November 22 – Clive Staples (C.S.) Lewis

These weekly “People to Commemorate” posts are a kind of calendar for the commemoration of the saints, reproduced here from a Uniting Church Assembly document which can be found in full here. They are intended for copying and pasting into congregational pew sheets on the Sunday closest to the nominated date.

Images (where provided) are of icons by Peter Blackwood; click on the image to download a high resolution copy of the image.

Clive Staples (C.S.) Lewis, Christian thinker and apologist

S. Lewis is a well known Christian author, academic and apologist for the Christian Faith. He is best known for his fiction writing in which Christian themes and symbolic characters are part of the structure of the story. Charles Staples Lewis was born in 1898 in Belfast, Northern Ireland. Though he later became an academic at Oxford and Cambridge he maintained his Irish identity throughout his life.

As a young man he abandoned his childhood Christian faith and became an atheist. However in 1929 he read George MacDonald’s book Phantastes and said it “baptized his imagination” and gave him a deep sense of the holy. In 1931 he became a Christian after a long discussion with two Christian friends, JRR Tolkien and Hugo Dyson. Lewis describes his experience the following day in his book “Surprised by Joy”.

“When we (Warnie and Jack) set out by motorcycle to the Whipsnade Zoo, I did not believe that Jesus Christ was the Son of God, and when we reached the zoo I did.” He had resisted conversion vigorously and in the same book he noted that he was brought to faith like a prodigal, “kicking, struggling, resentful, and darting his eyes in every direction for a chance to escape.” After his conversion he became a member of the Church of England.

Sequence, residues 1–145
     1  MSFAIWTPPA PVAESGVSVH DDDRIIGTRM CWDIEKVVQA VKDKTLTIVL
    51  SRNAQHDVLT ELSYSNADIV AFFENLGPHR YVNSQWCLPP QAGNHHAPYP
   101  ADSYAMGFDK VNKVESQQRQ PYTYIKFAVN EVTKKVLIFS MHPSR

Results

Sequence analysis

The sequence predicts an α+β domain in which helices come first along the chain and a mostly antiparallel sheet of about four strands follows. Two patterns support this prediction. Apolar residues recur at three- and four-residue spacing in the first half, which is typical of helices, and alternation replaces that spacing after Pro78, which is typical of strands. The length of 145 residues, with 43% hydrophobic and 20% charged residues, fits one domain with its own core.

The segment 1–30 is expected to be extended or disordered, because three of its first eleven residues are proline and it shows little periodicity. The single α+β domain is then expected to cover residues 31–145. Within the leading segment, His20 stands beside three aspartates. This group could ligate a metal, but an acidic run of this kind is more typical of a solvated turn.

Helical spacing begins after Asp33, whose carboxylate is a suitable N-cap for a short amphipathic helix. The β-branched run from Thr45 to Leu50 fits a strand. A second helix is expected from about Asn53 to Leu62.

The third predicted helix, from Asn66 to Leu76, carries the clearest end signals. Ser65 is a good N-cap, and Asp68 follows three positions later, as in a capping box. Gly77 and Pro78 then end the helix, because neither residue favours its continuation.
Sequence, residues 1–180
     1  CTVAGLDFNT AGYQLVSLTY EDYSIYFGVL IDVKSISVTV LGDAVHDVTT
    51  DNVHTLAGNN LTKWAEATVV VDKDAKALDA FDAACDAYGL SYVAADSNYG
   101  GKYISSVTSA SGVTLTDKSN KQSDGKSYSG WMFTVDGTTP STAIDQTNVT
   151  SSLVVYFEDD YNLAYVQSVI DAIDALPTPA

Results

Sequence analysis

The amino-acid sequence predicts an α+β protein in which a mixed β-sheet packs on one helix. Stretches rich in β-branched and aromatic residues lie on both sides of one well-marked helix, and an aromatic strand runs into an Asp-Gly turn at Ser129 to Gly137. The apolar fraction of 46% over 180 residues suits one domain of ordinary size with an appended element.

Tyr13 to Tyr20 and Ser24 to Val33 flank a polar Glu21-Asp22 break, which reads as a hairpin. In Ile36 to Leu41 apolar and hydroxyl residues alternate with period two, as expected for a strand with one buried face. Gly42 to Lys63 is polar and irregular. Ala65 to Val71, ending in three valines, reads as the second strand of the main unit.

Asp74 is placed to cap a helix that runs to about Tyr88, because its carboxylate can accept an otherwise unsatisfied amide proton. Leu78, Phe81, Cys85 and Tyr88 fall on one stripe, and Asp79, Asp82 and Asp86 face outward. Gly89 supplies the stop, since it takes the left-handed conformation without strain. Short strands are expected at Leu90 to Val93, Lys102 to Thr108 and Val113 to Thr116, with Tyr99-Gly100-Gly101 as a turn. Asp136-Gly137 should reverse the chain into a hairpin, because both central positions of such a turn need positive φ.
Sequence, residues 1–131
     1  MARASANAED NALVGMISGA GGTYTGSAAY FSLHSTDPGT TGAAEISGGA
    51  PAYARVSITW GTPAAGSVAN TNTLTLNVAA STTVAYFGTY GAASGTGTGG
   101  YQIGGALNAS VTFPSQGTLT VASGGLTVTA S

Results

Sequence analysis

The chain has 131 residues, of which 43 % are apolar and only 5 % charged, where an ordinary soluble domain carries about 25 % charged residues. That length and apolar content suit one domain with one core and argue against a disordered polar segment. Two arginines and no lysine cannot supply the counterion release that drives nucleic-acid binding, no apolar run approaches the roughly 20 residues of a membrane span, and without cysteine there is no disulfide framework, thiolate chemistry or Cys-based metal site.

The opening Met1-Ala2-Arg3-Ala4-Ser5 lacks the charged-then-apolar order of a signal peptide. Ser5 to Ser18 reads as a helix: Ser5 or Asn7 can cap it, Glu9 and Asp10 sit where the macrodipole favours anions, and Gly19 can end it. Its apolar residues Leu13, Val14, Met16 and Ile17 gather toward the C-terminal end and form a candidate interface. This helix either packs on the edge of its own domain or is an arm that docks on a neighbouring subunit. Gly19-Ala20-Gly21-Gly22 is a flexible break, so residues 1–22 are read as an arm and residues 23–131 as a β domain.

His major vocation was as a Professor of English Language and Literature at the Universities of Oxford and then at Cambridge.

He was a prolific author during his lifetime, with many of his books becoming bestsellers. During the 1940’s he wrote and published in newspapers and for radio with many of those writings later published as books.

In 1950 the first book in the ‘Chronicles of Narnia’ series, The Lion, the Witch and the Wardrobe was published. It became very popular and is one of his most enduring and endearing books. The series contains Christian ideas intended to be easily accessible to young readers. In addition to Christian themes, Lewis also borrows characters from Greek and Roman mythology, as well as traditional British and Irish fairy tales.

Best known among his other writings, all of which explore various themes of Christian belief are Mere Christianity, Surprised by Joy, The Great Divorce, The Screwtape Letters and The Four Loves. Following the death of his wife Joy Davidman Gresham after a relatively brief marriage, he wrote the moving book A Grief Observed.

S. Lewis is commemorated as a Christian Apologist. Not one who argued about Christian theology directly, but who was able to present Christian belief both rationally and imaginatively. His attempts to respond to common objections to Christian faith in his time gave him wide appeal to a popular audience.